Where did your passion for and knowledge of bikes come from?
My passion for bikes came unexpectedly while I was living in New York City. I mean, I was always intobikes growing up and throughout college, but it wasn’t until my late twenties that I found myself immersed in all things bikes. A couple buddies of mine were starting to build bikes from our NYC co-op basement and I just loved what they were doing. I kept offering my help and services in any capacity I could, and a few months later they asked if I would join their start-up. Five years and more than 700 bikes (sold) later, I am knee-deep in bikes. As for my knowledge of bikes, I look around at all the talented people in the bike industry and at my staff and I realize I don’t know anything! I guess I’m still learning and every round of bikes we make becomes better and better.
Was the dual concept for Heritage Bicycles and the General Store always conceived that way?
The coffee/bikes was intentional from the beginning. The time spent in NYC influenced what Heritage would become. We couldn’t afford retail space there so we had to do any markets, festivals and shows we could. After setting up in this type of environment—where food and drink are everywhere—a lightbulb turned on in my head. People love eating and drinking, pair that with a product and service, and it will create a really nice retail experience. Other factors for the dual concept were sales and exposure. I knew that having a bike shop in Chicago would be affected by winter. What better solution than to have a product that people want year-round? And with more people coming through the door on a day-to-day basis, the exposure would be far more than your typical bike shop. It almost works as a commercial playing nonstop for your exact target demographic, and as soon as they need a bike or bike repair, I hope Heritage is the place that comes to mind.
Heritage has been warmly welcomed by Chicagoans. Did you see this success from the start?
We saw the success from the start but we never anticipated it! It was amazing to see the reaction and write-ups about a place no one knew about or knew the owners. We received some great awards within a few months of opening and I just kept thinking to myself, “Have these people ever been here? How do they know who we are?” The city, our neighbors, or friends and family, have been nothing short of amazing and have helped support it from the ground up. It gave us the foundation to build upon on a national level. When we started, I was hoping year three would be our breakout year and maybe people would start giving us a chance, but here we are, just starting year three, and we’ve opened up Heritage Littles/A Little Photo Studio, we’re opening up a Heritage Outpost in July, we’re working on a new space for 2015—and that’s only on the coffee side. We’ve developed four bike models that we put in production and we are also starting a wholesale program with retailers across the country so we can get Heritage Bicycles in every state.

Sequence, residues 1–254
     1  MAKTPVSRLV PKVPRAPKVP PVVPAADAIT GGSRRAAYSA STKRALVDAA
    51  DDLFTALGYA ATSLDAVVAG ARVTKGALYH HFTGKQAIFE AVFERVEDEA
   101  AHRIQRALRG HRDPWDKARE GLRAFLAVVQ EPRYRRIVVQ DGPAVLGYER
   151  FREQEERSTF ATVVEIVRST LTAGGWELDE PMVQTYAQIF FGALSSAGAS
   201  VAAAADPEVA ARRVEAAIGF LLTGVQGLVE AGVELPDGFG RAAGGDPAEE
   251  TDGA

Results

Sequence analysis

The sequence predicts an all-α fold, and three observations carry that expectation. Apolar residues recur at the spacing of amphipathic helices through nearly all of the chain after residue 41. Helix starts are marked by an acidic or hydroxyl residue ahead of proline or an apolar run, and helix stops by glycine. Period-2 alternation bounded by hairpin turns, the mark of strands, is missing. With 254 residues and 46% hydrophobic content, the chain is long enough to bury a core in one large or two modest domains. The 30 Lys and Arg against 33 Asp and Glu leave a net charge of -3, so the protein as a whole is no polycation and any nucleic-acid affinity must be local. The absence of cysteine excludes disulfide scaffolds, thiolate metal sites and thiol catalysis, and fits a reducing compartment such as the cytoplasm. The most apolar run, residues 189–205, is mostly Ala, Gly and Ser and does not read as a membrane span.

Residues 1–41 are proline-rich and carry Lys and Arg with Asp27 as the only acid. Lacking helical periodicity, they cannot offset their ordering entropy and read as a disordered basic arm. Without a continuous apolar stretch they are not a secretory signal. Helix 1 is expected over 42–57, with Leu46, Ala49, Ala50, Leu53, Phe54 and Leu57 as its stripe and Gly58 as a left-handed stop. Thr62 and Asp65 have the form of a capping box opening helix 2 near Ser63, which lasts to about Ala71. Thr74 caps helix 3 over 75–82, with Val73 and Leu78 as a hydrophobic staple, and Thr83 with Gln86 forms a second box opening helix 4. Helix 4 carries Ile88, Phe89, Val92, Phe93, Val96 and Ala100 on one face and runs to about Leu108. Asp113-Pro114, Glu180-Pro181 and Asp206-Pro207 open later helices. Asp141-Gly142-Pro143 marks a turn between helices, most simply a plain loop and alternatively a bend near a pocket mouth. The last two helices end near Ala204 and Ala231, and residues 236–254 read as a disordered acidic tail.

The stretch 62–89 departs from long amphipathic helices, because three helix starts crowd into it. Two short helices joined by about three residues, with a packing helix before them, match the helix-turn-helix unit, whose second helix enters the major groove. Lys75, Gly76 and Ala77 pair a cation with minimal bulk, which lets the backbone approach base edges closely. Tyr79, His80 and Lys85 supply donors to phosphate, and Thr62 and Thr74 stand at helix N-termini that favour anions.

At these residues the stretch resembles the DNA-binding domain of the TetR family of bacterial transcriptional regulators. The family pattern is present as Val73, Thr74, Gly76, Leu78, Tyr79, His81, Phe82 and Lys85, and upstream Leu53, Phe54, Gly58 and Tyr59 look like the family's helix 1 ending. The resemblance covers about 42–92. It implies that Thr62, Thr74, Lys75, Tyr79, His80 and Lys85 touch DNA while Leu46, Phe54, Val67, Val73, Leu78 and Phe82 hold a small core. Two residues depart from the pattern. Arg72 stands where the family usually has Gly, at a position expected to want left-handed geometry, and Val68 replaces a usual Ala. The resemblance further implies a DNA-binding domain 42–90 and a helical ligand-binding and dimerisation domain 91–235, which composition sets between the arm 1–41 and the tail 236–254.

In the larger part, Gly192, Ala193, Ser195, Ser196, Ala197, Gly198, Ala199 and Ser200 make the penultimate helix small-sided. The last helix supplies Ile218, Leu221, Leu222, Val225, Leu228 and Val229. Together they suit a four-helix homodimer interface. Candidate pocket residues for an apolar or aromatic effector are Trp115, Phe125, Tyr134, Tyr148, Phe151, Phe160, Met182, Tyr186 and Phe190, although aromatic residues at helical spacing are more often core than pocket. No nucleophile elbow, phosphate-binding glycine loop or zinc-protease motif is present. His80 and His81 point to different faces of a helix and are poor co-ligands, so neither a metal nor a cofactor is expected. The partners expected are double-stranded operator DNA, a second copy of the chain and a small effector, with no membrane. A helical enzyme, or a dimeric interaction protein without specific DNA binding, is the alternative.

Since your arrival, what changes have you seen in the Chicago bike culture?
The bike culture here has been on a great trajectory since Mayor Daley, which has continued under Rahm Emanuel. We arrived to a great cycling city that was becoming even better, with 150 miles of new bike lanes and the addition of Divvy, the bike-share program. It’s pretty obvious something special is going on here with the bike culture and everyone wants to get involved.
Who are your customers? Do you have many out-of-town visitors?
We have daily customers, neighborhood folk who come in every day for a cup to go or just to camp out. We’ve also become a destination for out-of-towners. We will have people in here from all over the world who have heard about us through who-knows-where, who are surprised to see that it’s what they have heard, that the owners work there, that the staff is super-friendly, that bikes are beautiful and the coffee is delicious.
Why have you chosen to focus on American-made goods?
Quality, accessibility and relationships all played a role, but we started this concept in the middle of a bad recession and I wanted to put my money where it would matter. I wanted to know the makers; I wanted to see the craftsmanship; and I wanted to invest in the people I knew and I hoped that people would invest in us.
What is the most popular bike service? The most popular food item?
Flat fix and coffee. In and out with a coffee while you wait? Can’t really beat that! Donuts on weekends from Glazed and Infused…so decadent, so delicious.
You specialize in custom-made bicycles. What’s the most interesting custom design you’ve built?
That’s hard to answer. I really love turning customers ideas into reality. Every week we have someone come in and push us beyond what we’ve done before and that is super-fun. To learn something new, to have a personal relationship with these people and then see what bike they come up with, it is all very intimate.
Do you ride a Heritage bicycle? If so, which one?
That’s a funny story. I do ride a Heritage bike…if I ever get to keep one. What happens is, I make myself a bike, plan it out, design it the way I want it and someone will buy it before I get a chance to own it. I will ride it around a few times and a couple weeks later someone will make me an offer on it. I can’t say no to that. I’m working on a new bike for myself right now, this one will have some cool components on it, maybe test out an electric hub…hopefully I can hold onto it for the summer.
Heritage seems to pride itself on creating and providing a community space. What’s the secret to building one?
Listening to the community. Get out there, be involved, be social, add value to the neighborhood